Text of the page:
attacks are sudden and intense, where no one doubts what's happening.
But most heart attacks start slowly, with mild pain or discomfort. Often
people affected aren't sure what's wrong and wait too long before
getting help. Here are signs that can mean a heart attack is happening:
Chest discomfort. Most heart attacks involve discomfort in the center
of the chest that lasts more than a few minutes, or that goes away and
comes back. It can feel like uncomfortable pressure, squeezing, fullness
- There is often discomfort in other areas of the
upper body. Symptoms can include pain or discomfort in 1 or both arms,
the back, neck, jaw or stomach.
- The could be shortness of breath with or without chest discomfort.
- Other signs may include breaking out in a cold sweat, nausea or lightheadedness.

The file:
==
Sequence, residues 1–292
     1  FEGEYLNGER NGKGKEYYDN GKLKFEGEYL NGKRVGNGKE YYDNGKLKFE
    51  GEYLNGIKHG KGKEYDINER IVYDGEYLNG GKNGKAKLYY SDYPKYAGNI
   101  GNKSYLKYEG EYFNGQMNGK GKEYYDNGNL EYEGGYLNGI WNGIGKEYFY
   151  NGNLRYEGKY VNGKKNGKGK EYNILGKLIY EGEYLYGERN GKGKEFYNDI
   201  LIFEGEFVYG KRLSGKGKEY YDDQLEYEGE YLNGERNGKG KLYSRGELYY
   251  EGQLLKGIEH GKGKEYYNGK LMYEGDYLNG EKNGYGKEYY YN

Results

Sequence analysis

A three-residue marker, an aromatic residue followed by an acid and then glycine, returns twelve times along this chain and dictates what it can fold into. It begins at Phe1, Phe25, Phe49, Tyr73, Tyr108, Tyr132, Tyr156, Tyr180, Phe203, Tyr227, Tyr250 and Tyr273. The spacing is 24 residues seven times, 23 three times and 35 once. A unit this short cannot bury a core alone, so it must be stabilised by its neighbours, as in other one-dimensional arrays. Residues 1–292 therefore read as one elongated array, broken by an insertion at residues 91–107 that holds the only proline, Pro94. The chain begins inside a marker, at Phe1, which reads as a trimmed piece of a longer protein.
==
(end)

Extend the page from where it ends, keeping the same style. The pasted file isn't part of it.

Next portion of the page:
As with men, women's most common heart attack symptom is chest pain or
discomfort. But women are somewhat more likely than men to experience
some of the other common symptoms, particularly shortness of breath,
nausea/vomiting, and back or jaw pain.
What to Do
In the event of a suspected heart attack, call 911. Emergency medical
services (EMS) staff can begin treatment when they arrive - up to an
hour sooner than if someone gets to the hospital by car. EMS staff is
also trained to revive someone whose heart has stopped. Patients with
chest pain who arrive by ambulance usually receive faster treatment at
the hospital, too. It is best to call EMS for rapid transport to the